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Members of Congress Report on Public Transit Priorities at Conference

Five members of Congress offered their perspectives on public transportation at a Tuesday morning session during the APTA Legislative Conference.

Nathaniel P. Ford Sr., APTA chair and chief executive officer of the Jacksonville (FL) Transportation Authority, opened the session by appealing to attendees to join APTA’s efforts to impress upon policymakers from both sides of the aisle the impact of public transportation on the communities and districts they represent and how the goods and services provided by APTA business members generate jobs and economic development.

Sen. Jack Reed (D-RI), ranking member of the Senate Appropriations Subcommittee on Transportation, Housing and Urban Development, and Related Agencies, described his goal of ensuring that public transportation receives its share of funding. The bills produced by his committee, he explained, reflect the truly bipartisan nature of the committee in assessing and addressing national needs and crafting funding bills that meet those needs. “Transit is an indispensable component of our economy and our lives; it helps communities grow and expand, and demand for transit continues to grow,” he said.

Reed acknowledged, however, the challenge of making the case for public transit at a time when the administration has proposed cuts to funding, saying, “While the infrastructure plan promises $200 billion in new funding over 10 years, the administration simultaneously plans to slash federal funding to existing transportation programs by $360 billion over the next decade.”

He reiterated Ford’s opening sentiments: “Your voice is absolutely critical,” he said. “When you walk into your member or senator’s office, talk about the impact public transit has in their state and in their districts, in their towns and rural areas, and they’ll start listening. When you get them listening, that gives us a chance to close the deal.”

Rep. Earl Blumenauer (D-OR), a member of the House Ways and Means Committee, also appealed to attendees for support in putting forward the case for public transportation in the corridors of power. “As you visit on Capitol Hill,” he said, “make one simple request: that the Ways and Means Committee convene more hearings on transportation finance.” He noted that the committee has heard from only one witness on this topic in the past seven years.

“Let’s air the issues; let’s have the debates with experts,” he said. “Let’s have testimony from those areas that have received adequate funding for transit and the positive impact it’s had.”

Blumenauer posed that funding for public transit requires a “full federal partnership for multimodal, multi-state, long-term projects.” He suggested that one of the simplest solutions would be to raise the gas tax—one element of his three legislative principles: raising the gas tax, indexing the gas tax and ultimately replacing the gas tax.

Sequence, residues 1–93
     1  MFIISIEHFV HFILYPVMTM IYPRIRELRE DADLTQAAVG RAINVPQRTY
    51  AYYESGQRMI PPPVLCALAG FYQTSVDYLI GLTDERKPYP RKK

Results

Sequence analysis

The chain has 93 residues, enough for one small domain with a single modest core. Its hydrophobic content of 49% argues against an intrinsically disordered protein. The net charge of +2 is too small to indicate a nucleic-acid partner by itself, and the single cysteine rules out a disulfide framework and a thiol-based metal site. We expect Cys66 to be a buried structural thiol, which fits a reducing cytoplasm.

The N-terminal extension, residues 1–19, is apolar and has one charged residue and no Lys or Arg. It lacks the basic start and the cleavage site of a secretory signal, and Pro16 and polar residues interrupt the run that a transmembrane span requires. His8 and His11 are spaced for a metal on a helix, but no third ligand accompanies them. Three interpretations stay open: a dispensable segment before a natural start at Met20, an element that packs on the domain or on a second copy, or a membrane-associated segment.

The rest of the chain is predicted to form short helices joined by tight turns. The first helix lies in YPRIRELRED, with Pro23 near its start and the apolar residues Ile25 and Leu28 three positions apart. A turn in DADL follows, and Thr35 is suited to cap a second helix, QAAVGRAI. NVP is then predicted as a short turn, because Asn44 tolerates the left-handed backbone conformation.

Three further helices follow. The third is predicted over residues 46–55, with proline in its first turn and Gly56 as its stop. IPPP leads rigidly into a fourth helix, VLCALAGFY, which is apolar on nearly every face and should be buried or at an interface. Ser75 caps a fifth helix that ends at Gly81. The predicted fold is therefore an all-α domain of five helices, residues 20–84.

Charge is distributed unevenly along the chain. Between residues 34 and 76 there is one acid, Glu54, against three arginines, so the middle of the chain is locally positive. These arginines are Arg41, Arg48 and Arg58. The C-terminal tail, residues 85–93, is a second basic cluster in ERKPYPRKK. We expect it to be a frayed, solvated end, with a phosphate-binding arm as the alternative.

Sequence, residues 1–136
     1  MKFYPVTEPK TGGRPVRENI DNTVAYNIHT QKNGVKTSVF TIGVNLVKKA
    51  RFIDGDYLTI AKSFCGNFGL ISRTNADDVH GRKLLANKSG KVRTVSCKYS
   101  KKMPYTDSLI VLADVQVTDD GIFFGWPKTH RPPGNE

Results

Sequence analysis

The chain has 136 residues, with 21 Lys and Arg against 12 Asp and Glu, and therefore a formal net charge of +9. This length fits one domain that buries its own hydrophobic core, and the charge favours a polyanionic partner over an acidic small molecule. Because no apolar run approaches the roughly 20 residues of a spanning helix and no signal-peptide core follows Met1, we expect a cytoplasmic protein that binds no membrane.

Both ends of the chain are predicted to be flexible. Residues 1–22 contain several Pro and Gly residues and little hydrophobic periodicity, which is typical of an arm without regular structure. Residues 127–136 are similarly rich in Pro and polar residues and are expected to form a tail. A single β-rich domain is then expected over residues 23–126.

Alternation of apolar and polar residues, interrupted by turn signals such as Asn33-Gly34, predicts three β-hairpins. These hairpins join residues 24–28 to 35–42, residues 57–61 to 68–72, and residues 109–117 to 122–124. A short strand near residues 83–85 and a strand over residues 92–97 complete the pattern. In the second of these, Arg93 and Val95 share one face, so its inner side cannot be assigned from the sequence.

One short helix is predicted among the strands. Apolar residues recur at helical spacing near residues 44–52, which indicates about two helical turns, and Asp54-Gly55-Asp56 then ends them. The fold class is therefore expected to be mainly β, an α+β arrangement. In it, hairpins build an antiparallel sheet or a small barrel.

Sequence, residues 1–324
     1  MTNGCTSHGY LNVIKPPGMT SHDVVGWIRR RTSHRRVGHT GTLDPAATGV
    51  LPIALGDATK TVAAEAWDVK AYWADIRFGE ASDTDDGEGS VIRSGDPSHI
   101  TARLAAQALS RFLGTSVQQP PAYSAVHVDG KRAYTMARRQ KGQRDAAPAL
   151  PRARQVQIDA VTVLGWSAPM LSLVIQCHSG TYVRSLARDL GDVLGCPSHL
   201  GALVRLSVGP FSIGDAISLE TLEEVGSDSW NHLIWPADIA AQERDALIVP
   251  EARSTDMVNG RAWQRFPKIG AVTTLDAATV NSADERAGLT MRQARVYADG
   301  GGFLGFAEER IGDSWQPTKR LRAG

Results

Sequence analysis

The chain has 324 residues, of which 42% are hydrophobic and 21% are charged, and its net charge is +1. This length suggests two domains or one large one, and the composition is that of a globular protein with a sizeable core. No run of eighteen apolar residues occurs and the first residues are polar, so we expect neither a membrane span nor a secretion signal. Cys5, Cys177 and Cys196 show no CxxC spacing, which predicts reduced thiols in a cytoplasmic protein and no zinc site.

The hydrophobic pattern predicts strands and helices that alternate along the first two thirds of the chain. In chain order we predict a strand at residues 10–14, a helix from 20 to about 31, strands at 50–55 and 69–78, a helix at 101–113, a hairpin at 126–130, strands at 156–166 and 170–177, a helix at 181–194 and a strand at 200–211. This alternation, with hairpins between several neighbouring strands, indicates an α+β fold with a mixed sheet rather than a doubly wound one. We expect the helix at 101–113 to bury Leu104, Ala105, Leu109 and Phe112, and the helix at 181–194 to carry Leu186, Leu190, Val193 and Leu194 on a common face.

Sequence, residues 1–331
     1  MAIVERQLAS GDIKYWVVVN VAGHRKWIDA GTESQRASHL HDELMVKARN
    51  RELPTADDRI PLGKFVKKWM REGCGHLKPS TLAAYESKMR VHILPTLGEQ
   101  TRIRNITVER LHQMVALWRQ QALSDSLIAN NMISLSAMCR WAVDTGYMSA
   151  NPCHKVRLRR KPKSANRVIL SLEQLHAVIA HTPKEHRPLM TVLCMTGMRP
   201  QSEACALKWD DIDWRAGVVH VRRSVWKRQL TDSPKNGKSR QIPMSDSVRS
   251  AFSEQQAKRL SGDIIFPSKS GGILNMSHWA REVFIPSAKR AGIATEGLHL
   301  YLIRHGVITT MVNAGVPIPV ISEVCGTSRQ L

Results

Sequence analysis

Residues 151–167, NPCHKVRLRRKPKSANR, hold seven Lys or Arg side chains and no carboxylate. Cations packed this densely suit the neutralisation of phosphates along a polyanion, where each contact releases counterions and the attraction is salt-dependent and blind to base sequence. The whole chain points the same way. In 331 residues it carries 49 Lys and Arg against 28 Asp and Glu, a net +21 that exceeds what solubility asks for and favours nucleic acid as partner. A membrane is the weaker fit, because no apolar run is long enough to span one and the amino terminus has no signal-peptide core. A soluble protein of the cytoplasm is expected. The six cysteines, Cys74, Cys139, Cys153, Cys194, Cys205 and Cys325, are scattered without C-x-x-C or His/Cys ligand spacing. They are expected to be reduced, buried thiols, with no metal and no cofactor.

He pointed out that future fleets of electric, autonomous vehicles would not generate revenue through a gas tax, so a replacement to the tax is required that would be sustainable over time, such as a “road user charge.” Such a charge, he said, could be adapted to congestion, with prices in congested areas raised and, subsequently, savings passed on to rural areas where more miles are typically driven.

Rep. Peter DeFazio (D-OR), ranking member of the House Transportation and Infrastructure (T&I) Committee, said the committee chair, Rep. Bill Shuster (R-PA), supports a 15-cent increase in the gas tax but that House Speaker Paul Ryan (R-WI) opposes it.

DeFazio said uncertainty about funding is the main reason why infrastructure projects take years to launch and complete, not excessive regulation as some politicians suggest. He also stressed the importance of building the Gateway project in New York and New Jersey, although President Trump opposes it, and noted problems he sees with the administration’s infrastructure proposal. For example, he said, state governments that have provided project funding in the past will be penalized by receiving less money under the new plan, while those that have not previously funded these projects will receive bonus points.

He also called for research into the use of fees for vehicle miles traveled (VMT) and acknowledged APTA’s efforts to “increase mobility without adding to congestion.”

T&I Committee member Rep. Rodney Davis (R-IL), whose district covers 14 counties, said he wants to make sure public transit issues remain a bipartisan effort and asked attendees to “help us understand how we can make our proposal work better.” While some people may believe that people who don’t live in metropolitan areas have no interest in public transportation, he said, “Transit is a big deal to my constituents and my district.”

Davis noted that the gas tax is currently the only funding source for public transit, saying it’s time to diversify funding to accommodate electric vehicles and other new technologies that don’t involve using gas or diesel.

Rep. Sam Graves (R-MO), chair of the T&I Subcommittee on Highways and Transit, said he believes the two parties can compromise on infrastructure and transportation funding issues. While acknowledging that Congress can take steps to keep the Highway Trust Fund solvent into the future, he called the fuel tax “regressive” and agreed with DeFazio that VMT may be the way to go, moving forward, and that “everything’s on the table.”

Graves said he is working toward leveraging infrastructure funding at the $1 trillion level rather than the $1.5 trillion level cited by the president. He said that federal public transit grants will continue at some level and that “nothing is zeroed out.”
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